The Great British Bake Off – week five review

Terrible tuiles, unstable structures... and a Dalek - this was biscuit and traybake week in the Bake Off tent

This was week five of the Great British Bake Off. The half-way point. The middle of the road. And the order of the day? Traybakes and biscuits.


But this wasn’t the time to get comfy with your cuppa. Oh no. Before long the bakes and the bakers were crumbling around us. And they weren’t necessarily the ones we were expecting…

Last week the primary concern was the moisture content of the baker’s bottoms – Kimberley’s heavenly pies got her star baker while poor Ali’s bland offering was the reason he was sent home – but this week all sorts of things could go wrong…

The signature bake was a traybake. Anything, we were told, so long as it was baked in a tray. Pretty straight forward there, then.

“We want some lovely surprises and wonderful finishes,” smiled Mary.

“The very fact that it’s simple… makes it extremely difficult, because when you’re judging you have to be even more critical,” growled Paul. Have to be, or want to be, Mr Grumpy?

This was the week that the bakers caught on to Frances’ clever presentation – though try as they might they couldn’t quite live up to it.

Howard opted for a breakfast traybake – made with cereal topped with grapefruity yoghurt. He admitted that he was going for a play on words by displaying his breakfast traybake on a breakfast tray. A clever concept, but the camera didn’t give his effort much air time…

As always, Frances was going one better. “I’m playing with my food,” said Frances. “I like to have fun.” She was making Millionaire Banoffee Bonus – a banoffe pie crossed with a millionaire shortbread laid out like a game of Jenga. Yep, Jenga. Did she not learn anything last week? Substance OVER style, not the other way around! 

Her complicated design almost spelled trouble again, too, when she found herself watching her layers set in the freezer.  It was clear, to someone with some perspective, that this wasn’t helping matters…. It’s fine to observe through the glass door of an oven, but those chilly contraptions generally don’t work as well with the door open.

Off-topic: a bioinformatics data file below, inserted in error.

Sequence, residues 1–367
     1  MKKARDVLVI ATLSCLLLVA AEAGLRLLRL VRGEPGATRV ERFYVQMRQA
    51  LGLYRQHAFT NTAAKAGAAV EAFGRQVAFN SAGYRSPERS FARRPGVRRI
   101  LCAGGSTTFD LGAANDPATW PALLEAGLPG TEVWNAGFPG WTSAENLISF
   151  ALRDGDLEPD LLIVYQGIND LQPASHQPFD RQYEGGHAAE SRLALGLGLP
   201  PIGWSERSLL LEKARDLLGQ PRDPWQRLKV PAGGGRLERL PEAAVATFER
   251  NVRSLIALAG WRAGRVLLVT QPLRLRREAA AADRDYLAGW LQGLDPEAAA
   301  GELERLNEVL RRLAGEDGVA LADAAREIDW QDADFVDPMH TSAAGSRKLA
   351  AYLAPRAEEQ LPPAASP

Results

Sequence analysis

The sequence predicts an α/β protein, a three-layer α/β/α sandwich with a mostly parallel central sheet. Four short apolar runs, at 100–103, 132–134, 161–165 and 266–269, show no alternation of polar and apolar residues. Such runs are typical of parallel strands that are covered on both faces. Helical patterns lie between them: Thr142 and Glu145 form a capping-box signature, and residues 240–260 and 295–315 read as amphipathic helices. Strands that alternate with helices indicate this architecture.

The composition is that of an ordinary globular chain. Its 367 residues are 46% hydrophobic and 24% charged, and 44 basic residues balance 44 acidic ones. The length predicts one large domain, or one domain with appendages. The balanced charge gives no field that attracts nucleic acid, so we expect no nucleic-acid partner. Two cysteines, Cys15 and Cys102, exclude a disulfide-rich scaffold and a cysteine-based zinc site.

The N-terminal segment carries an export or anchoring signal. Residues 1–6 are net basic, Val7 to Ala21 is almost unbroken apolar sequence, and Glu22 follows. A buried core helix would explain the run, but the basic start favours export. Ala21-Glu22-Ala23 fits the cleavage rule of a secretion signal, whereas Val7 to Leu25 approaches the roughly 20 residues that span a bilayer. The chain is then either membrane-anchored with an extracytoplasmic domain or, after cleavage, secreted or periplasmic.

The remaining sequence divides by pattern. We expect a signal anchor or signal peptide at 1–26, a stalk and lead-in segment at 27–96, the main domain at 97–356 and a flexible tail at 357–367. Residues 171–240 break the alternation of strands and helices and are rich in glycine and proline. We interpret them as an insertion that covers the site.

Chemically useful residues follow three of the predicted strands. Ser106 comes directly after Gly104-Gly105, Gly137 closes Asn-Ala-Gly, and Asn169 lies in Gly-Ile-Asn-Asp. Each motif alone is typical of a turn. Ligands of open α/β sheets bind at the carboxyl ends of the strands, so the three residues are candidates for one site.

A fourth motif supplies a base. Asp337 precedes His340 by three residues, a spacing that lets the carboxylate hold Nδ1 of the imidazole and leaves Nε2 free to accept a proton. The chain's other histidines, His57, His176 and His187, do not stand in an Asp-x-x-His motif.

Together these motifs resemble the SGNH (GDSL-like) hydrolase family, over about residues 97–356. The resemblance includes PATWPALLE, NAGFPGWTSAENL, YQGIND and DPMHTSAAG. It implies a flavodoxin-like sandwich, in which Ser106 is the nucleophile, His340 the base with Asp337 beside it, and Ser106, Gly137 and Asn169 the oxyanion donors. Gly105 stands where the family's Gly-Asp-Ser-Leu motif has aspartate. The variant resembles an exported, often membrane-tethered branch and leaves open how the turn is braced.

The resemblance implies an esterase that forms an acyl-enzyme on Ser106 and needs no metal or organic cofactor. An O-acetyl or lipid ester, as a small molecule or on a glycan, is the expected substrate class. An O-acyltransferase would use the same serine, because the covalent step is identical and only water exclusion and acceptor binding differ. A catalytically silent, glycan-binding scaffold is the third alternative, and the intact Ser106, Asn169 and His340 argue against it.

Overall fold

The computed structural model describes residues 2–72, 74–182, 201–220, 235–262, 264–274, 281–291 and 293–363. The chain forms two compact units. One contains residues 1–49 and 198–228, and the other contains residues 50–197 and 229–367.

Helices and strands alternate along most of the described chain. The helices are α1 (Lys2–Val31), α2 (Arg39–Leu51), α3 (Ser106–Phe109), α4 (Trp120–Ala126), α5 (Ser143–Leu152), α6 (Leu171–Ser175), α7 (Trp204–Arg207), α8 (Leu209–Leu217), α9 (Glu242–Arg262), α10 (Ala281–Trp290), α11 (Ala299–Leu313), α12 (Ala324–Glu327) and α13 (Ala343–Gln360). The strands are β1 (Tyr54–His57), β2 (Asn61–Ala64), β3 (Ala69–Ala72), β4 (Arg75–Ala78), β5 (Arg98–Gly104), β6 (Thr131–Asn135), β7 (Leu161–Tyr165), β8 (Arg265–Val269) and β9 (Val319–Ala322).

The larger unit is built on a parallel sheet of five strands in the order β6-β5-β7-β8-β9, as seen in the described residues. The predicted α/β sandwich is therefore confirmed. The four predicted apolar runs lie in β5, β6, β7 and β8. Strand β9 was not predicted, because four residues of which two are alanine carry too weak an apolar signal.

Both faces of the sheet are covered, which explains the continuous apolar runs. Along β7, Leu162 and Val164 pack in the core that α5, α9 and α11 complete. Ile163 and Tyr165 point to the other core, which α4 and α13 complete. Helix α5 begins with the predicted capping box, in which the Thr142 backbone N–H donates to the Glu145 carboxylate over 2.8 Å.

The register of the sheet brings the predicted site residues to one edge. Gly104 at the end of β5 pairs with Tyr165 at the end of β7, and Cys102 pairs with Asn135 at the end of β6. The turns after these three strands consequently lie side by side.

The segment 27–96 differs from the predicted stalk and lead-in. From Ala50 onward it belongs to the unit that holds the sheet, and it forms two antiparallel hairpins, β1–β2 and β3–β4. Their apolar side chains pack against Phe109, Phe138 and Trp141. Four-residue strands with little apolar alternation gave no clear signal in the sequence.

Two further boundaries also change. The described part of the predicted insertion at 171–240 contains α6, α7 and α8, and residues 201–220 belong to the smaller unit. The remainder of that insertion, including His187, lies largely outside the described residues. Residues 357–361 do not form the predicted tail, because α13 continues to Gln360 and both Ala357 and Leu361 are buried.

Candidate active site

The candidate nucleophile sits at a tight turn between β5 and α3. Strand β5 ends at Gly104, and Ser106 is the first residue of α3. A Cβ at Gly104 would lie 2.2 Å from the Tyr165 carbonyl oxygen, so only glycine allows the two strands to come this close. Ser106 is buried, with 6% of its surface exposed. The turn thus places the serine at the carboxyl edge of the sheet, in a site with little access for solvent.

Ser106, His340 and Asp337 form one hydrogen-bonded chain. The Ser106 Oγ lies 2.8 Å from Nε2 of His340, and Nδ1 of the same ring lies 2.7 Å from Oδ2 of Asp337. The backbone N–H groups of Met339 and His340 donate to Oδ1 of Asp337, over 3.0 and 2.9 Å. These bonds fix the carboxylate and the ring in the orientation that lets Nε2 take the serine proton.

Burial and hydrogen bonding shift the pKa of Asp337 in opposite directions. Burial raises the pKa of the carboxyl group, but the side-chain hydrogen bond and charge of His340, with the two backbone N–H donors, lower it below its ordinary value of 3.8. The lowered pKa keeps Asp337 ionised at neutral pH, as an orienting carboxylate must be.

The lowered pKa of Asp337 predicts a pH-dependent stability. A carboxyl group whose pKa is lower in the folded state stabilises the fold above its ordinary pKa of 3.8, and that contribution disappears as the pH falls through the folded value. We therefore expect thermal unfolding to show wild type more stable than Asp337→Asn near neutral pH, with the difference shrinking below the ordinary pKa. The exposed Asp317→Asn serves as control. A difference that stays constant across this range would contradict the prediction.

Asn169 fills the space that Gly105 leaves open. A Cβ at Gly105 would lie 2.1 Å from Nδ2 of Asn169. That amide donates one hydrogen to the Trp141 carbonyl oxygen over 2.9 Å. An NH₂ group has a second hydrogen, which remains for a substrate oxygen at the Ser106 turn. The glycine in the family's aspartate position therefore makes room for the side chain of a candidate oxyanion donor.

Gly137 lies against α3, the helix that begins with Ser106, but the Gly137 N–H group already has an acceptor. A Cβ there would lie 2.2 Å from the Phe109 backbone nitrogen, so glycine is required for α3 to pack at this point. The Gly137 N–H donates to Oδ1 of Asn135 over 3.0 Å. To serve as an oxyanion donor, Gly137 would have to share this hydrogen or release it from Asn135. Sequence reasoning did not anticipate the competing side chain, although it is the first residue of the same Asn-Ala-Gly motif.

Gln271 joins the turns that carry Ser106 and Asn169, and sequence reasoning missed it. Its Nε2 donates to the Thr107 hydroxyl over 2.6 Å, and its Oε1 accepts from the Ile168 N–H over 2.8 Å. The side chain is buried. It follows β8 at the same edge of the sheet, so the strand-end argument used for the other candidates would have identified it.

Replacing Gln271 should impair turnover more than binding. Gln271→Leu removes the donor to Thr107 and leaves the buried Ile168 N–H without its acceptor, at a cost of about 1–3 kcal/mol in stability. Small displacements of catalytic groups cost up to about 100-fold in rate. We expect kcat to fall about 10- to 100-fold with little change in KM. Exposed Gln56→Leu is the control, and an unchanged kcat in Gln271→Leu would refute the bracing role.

Another baker going down the complicated route was Glenn with his apricot and pistachio tiffin, made from layers of chocolate, marshmallow and biscuit. Like Ruby, who had been taking her uni exams during the week, Glenn had had no time to practice. Not that Paul or Mary were very sympathetic…

His lack of preparation seemed to pay off, though. His creations were deemed “very good” with “fantastic marshmallow” by Paul. He didn’t get away criticism-free, though. Hollywood was quick to inform him that his creations looked “grotesque” even if they tasted good.

Beca opted for gooey hazelnut and chocolate brownies “pimped up” with cherries, which were “even” according to Paul and “yum” according to Sue, Bake Off’s new and unofficial third judge.

Ruby – “I don’t really do biscuits” – made a pastry base to her blackberry Bakewell but found herself apologising to Paul and Mary before they even tasted them. It turned out, embarrassingly, that she had a soggy bottom. Paul declared that the flavour was excellent but it was “all wrong” apart from that.

Rob’s blueberry and orange traybake didn’t fare much better, being deemed “raw” and “soggy” by the judging duo. Not that it seemed to bother him. “I’d still eat it,” he said with a grin.

“I really like it,” said Paul of Kimberley’s Florentine-topped bakewell, while Christine’s crumbly traybake was “lovely” and “nice”. Howard’s breakfast bakes were enjoyed by Mary but called “stodgy” by Paul. And France’s fiddly design finally paid off. “I think this time, not only have you got the design right, you’ve got the bake right too,“ said Mary. Atta girl. 

Next up was “the most delicate technical challenge Mary has ever devised.” It sounded ominous. And it was. The task was tuile. Tiny, super thin biscuits that look like a French roof tile, apparently.

“This will be entertaining,” said Glenn as all the bakers descended into panic. That is, apart from last week’s star baker Kimberley. “I feel okay. I made some last week,” she giggled. If she wasn’t so smiley…

There were conflicting techniques from the off. “You don’t want tonnes of mixing,” said Christine, just as Howard, Rob and Beca began to beat their batter with abandon.